And thus we create a comprehensive risk matrix. This matrix identifies the highest-risk zones with a greater potential for adverse impacts.


By overlaying identified assets with mapped risk areas and considering the projected aggravation of risk from 2023 to 2041-60, we prioritize landscapes based on the severity of future challenges. To clarify the responsible use of landscapes and address different environmental objective there is a further need to categorize the landscapes

This classification is based on evaluating the varying intensities (high, medium, and low) of different assessments, including hazards, vulnerability, and exposures. By considering the permutations and combinations of these assessments, we gain a comprehensive understanding of the landscapes that require restoration, adaptation, conservation, or protection.

Based on the results, we find that in Surat, the majority of priority landscapes require protection due to significant exposure from rapid development this is seen in the core city and spread across some of the dense vegetation on the east side.. On the other hand, in Amsterdam, the priority landscapes are predominantly classified as restoration which is crucial as these landscapes do not perform optimally, mostly the agriculture lands.


To analyze trade-offs and synergies between Hazards Determinants and Functional & Spatial determinants the methodology incorporates machine learning k means model. The k- means is a grouping algorithm that groups similar data points together which helps understand where spatially similar trends exist across variables. Several experiments were performed and the best suitable one is then taken into consideration.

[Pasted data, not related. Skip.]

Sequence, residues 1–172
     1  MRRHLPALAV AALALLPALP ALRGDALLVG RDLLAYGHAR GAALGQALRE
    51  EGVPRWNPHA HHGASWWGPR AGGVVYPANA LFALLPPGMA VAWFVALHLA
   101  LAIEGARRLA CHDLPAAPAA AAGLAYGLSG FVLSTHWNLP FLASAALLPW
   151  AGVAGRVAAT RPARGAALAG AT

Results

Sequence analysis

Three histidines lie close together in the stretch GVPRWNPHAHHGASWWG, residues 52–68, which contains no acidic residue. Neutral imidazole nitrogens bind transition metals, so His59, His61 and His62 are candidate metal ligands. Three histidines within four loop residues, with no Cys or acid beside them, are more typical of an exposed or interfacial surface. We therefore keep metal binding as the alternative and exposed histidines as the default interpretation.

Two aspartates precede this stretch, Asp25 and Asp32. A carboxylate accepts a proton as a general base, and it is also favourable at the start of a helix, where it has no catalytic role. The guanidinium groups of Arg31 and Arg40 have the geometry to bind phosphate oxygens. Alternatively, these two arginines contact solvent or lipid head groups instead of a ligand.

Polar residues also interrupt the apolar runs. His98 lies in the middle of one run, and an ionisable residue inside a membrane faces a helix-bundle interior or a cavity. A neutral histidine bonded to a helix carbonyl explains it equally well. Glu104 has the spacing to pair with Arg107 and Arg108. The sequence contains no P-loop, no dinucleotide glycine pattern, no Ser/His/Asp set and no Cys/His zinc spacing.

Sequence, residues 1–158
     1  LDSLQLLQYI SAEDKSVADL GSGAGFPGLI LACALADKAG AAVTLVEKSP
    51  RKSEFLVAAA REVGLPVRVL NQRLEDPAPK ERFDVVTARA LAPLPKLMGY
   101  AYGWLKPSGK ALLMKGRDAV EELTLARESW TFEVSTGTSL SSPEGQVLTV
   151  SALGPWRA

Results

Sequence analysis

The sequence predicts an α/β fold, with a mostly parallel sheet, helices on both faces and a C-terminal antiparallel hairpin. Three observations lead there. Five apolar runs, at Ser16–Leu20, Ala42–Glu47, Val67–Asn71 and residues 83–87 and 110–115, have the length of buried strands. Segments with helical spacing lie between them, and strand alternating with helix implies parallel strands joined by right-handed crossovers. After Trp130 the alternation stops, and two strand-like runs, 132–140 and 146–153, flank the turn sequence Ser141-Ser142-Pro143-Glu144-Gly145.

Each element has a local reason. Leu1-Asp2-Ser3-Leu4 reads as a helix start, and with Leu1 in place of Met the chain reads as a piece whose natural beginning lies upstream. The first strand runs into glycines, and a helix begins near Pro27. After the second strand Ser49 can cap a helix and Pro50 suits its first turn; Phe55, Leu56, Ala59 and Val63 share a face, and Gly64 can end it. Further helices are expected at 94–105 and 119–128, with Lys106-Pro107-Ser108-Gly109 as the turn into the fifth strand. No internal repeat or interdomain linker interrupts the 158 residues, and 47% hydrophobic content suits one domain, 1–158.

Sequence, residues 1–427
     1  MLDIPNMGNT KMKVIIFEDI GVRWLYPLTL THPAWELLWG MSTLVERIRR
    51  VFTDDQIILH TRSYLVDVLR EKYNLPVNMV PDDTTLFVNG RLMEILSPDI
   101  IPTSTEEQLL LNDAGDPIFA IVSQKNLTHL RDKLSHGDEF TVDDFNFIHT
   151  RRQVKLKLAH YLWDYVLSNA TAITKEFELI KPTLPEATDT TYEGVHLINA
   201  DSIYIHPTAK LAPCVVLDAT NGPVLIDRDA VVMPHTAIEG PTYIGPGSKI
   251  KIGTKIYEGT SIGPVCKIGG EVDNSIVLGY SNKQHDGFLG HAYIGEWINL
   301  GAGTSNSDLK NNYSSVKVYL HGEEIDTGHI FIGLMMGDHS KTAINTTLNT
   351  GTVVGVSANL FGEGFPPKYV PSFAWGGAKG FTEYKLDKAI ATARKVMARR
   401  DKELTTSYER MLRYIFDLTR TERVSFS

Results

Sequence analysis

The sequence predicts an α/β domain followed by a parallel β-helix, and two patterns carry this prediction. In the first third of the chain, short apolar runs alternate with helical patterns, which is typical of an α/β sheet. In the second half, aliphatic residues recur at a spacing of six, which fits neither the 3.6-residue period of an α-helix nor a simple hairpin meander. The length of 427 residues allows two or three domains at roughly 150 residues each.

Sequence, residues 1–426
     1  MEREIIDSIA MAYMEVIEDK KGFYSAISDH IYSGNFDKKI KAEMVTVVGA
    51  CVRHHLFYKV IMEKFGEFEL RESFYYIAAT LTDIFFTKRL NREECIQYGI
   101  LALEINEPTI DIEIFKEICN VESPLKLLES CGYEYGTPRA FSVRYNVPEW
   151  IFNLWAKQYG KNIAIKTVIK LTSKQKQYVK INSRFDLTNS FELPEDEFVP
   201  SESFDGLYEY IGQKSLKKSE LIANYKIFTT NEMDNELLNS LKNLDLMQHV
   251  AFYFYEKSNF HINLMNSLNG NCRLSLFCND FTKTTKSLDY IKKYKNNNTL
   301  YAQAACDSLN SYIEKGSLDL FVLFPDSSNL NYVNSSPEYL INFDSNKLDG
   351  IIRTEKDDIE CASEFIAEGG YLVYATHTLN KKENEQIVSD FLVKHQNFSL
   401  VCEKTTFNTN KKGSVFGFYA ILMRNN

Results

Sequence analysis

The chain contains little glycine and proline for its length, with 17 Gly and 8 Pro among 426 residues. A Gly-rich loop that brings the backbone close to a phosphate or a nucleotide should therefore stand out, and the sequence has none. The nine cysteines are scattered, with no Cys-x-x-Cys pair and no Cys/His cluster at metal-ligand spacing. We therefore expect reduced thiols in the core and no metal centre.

Each cluster has been studied in depth and behaviors are established to identify how geographically diverse areas have the same behaviour and also how the same geographical area could have more than one behavioral pattern. This indicates the presence of internal variations or sub-regions within the larger geographic boundary

In both cities we find that one of the behaviour is the same which is the urban settlements with high susceptibility to urbanisation and very low Asset Performance. The most vulnerable clusters in Surat are the Hard surface-dominated cluster with low performance orange and the Regions peripheral to settlements with a high susceptibility to drought red while in amsterdam is the high drought prone agricultural cluster with low performance and the flood prone cluster. We can already start to observe how both cities behave in a different way by understanding interdependencies between parameters


Observing these together provides a set of indicators for each 100m x 100m of the city. The priority landscape give us the land use of the landscape, the priority Urgency and its classification type. And the interrelationships and behaviors give us the cluster type with a comprehensive trend of all the variables used in the assessments. Using these indicators and referring to frameworks and guidelines certain strategies can be formulated.

In conclusion, the EAR Tool is a comprehensive initiative focused on strengthening green infrastructure assets and achieving ecological balance in urban areas. By utilizing risk assessments, ecological metrics, and machine learning, the project provides valuable insights for sustainable land management and climate resilience. The project’s methodologies and analysis serve as a guide for decision-makers in addressing the challenges posed by environmental instability, fostering a more sustainable and resilient future for urban environments.